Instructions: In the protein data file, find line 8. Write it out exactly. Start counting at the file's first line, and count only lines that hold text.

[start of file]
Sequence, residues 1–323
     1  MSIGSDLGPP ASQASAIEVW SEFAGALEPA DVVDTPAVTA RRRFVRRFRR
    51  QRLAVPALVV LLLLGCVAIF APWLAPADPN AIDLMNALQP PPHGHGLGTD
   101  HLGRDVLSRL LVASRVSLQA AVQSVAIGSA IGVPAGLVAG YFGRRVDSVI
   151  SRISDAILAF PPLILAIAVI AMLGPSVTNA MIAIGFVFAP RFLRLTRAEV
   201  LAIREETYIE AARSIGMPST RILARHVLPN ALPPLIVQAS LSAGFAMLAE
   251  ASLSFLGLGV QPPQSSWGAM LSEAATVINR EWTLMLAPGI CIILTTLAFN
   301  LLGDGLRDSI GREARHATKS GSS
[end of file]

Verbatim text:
   301  LLGDGLRDSI GREARHATKS GSS